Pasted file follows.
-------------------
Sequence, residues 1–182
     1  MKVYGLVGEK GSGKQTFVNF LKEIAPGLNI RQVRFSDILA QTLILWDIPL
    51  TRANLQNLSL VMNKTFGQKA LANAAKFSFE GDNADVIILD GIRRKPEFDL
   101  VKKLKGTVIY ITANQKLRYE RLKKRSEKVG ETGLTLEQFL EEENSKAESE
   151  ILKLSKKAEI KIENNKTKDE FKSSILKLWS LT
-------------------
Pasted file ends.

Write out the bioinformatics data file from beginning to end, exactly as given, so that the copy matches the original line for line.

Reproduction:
Sequence, residues 1–182
     1  MKVYGLVGEK GSGKQTFVNF LKEIAPGLNI RQVRFSDILA QTLILWDIPL
    51  TRANLQNLSL VMNKTFGQKA LANAAKFSFE GDNADVIILD GIRRKPEFDL
   101  VKKLKGTVIY ITANQKLRYE RLKKRSEKVG ETGLTLEQFL EEENSKAESE
   151  ILKLSKKAEI KIENNKTKDE FKSSILKLWS LT